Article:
What are the five most common errors when using a wireless mic system or wireless in-ear monitoring system?
While wireless systems have freed performers from the bonds of cords and cables, they've unleashed a number of headaches for the sound crew. Getting a wireless system to behave predictably is a challenge faced by touring professionals and newbies alike. No one and no system is immune.
Still, it doesn't have to be guessing game. Understanding the basics of how wireless systems and radio waves function will help everyone triumph over dropouts, interference and distortion. Start now by avoiding these common errors.
1. Signal blockage
Maintain line-of-sight between the transmitter and receiver antennas as much as possible. Avoid metal objects, walls, and large numbers of people between the receiving antenna and its associated transmitter. Ideally, this means that receiving antennas should be in the same room as the transmitters and elevated above the audience or other obstructions. The human body will absorb, block, interfere, and reflect the RF (Radio Frequency) signal emittted by a wireless mic transmitter. Largely composed of salty water, human bodies soak up RF energy. In addition, if a user cups his or her hands around the external antenna on a handheld transmitter, its effective output can be reduced by 50 percent or more. Similarly, if the flexible antenna on a bodypack transmitter is coiled or folded, the transmitted signal is severely reduced in strength.
2. Incorrect antenna type or placement
Receiver antennas are one of the most misunderstood areas of wireless microphone operation. Mistakes in antenna selection, placement, or cabling can cause short range, dead spots in the performance area or low signal strength at the receiver that leads to frequent dropouts. Modern diversity receivers offer much better performance than single-antenna types, but the proper antennas must still be put in the proper locations to maximize the performance and reliability of the system.
To ensure good diversity performance, space antennas apart by at least one-quarter of a wavelength (about 5 inches at 600 MHz). One wave length (about 20 inches at 600 MHz) is even better. The receiver antennas should be angled apart in a wide "V" configuration, which provides better pickup when the transmitter is moving around and being held at different angles.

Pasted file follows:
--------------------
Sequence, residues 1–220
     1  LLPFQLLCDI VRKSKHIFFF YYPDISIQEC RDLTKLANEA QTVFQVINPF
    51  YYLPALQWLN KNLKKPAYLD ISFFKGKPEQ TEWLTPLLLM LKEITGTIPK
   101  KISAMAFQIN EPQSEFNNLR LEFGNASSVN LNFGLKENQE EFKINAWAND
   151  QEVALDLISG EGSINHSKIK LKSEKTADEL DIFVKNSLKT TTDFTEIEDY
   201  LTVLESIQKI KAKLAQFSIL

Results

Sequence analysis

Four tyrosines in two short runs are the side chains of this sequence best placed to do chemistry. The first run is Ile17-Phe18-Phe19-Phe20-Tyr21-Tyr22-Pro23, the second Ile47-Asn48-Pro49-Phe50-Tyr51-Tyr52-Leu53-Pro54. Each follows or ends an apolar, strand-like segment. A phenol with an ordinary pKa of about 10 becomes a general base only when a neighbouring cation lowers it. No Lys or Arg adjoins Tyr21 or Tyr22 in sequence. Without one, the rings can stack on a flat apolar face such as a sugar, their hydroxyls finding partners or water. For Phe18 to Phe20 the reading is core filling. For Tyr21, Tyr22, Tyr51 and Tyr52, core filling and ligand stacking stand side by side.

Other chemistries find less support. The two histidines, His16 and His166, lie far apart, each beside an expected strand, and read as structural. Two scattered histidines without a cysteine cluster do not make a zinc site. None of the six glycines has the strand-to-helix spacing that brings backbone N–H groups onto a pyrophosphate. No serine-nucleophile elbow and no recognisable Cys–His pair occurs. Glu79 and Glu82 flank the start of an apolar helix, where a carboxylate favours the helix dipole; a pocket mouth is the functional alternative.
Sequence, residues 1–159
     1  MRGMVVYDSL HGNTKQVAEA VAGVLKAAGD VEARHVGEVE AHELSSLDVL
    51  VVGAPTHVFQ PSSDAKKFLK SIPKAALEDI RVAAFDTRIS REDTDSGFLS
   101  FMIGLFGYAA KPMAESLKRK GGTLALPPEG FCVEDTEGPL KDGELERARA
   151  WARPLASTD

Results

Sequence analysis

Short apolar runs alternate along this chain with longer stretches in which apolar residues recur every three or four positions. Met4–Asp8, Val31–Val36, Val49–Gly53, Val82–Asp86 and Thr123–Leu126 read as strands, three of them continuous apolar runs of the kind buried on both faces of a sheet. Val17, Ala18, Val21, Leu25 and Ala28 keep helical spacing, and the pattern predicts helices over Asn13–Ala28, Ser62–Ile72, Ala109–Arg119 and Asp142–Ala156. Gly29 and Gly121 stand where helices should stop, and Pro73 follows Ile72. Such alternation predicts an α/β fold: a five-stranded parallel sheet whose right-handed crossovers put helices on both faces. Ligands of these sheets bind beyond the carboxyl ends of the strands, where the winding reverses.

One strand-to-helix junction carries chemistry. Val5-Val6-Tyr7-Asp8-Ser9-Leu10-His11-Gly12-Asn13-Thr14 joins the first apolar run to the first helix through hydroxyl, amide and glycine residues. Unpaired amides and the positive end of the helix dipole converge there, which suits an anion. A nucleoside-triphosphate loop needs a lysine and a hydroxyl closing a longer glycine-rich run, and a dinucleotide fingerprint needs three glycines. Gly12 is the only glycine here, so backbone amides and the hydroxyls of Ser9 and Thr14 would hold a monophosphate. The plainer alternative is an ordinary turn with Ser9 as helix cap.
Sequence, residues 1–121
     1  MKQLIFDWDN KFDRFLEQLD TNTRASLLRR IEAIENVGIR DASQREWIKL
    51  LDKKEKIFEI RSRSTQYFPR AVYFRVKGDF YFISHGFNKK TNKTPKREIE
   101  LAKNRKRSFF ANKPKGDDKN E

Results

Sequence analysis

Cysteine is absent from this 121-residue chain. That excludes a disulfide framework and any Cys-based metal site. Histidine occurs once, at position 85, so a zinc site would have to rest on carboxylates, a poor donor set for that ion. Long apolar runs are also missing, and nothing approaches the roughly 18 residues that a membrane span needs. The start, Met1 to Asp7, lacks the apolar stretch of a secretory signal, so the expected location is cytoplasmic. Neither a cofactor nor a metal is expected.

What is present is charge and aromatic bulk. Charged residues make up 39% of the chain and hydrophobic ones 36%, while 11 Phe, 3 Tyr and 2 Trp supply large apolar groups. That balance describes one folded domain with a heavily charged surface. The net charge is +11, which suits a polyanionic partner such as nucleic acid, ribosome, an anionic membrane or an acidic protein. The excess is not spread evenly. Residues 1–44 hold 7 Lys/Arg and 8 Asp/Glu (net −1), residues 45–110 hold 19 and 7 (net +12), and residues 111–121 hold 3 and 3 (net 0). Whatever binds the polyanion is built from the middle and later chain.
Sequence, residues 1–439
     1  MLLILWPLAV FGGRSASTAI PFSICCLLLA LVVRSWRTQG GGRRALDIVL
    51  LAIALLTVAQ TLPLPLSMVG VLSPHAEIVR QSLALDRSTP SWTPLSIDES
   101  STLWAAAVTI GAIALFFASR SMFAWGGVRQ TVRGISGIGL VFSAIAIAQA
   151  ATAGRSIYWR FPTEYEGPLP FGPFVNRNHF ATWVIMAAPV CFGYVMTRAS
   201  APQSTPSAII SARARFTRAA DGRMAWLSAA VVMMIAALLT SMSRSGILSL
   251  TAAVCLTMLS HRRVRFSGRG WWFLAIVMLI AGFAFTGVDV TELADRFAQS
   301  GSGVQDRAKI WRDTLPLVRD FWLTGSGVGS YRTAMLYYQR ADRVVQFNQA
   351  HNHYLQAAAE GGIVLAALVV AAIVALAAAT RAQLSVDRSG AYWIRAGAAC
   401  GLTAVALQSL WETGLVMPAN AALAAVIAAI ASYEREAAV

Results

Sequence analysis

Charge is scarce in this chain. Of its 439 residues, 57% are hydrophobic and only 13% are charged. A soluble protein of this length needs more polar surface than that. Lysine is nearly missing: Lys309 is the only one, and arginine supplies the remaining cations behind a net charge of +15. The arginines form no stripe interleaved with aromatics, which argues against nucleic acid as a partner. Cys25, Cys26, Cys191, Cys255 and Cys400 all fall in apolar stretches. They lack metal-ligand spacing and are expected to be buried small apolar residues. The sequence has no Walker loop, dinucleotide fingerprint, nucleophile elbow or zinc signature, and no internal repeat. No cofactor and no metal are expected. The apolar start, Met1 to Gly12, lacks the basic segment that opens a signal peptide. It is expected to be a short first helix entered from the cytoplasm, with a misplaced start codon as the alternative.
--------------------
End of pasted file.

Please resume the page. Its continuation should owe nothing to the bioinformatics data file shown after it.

Try to keep antennas as close to transmitters with line of sight as is possible. Antennas can also be frequency band-specific. Don't try to use an antenna from another system without double-checking the frequencies first.
If the receiver will be located away from the performance area (in an equipment closet or a closed rack, for example), ½-wave antennas or directional antennas should be remotely mounted (ideally above the audience) in order to have a clear line of sight to the transmitters. (Short ¼-wave antennas should never be remotely mounted, however, because they need the receiver chassis as a ground plane.) Increasing the separation between diversity antennas up to one wavelength (about 20 inches at 600 MHz) will improve diversity performance. Beyond one wavelength, extra distance between the antennas will not significantly improve diversity performance, but may allow better coverage of a large stage, church, or meeting room.
If the antennas will be far from the stage, use directional antennas to improve reception by picking up more signal from that direction and less from other angles.
If the antennas will be connected to the receiver with a length of coaxial cable, in-line antenna amplifiers may be required to overcome the inherent signal loss in the cable. The amount of loss depends on the exact length and type of cable used, so follow the manufacturer's recommendations. Total net loss should not exceed 5 dB.
3. Poorly coordinated frequency set
A properly coordinated set of wireless frequencies must satisfy two criteria:
1) Frequencies must avoid local active TV channels
2) Frequencies must be mutually compatible
Television transmitters may operate at power levels up to one million watts while wireless microphone systems typically have only 50 mW (fifty one thousandths of one watt!) or less output power. To combat broadcast television interference, avoid using frequencies of local active TV channels.
How local is local? "Local" is generally considered to be up to 50 or 60 miles, depending on the coverage area of the particular TV transmitter and on the location of the wireless microphone system. The good news is that indoor setups are at less risk than outdoor setups because building structures will usually strongly attenuate TV signals. Inside buildings of substantial construction, it may be possible to ignore TV stations as close as 30-40 miles. Still, since the locations and assignments of television stations are well known, it's pretty easy to choose relatively safe wireless microphone system frequencies in a particular area.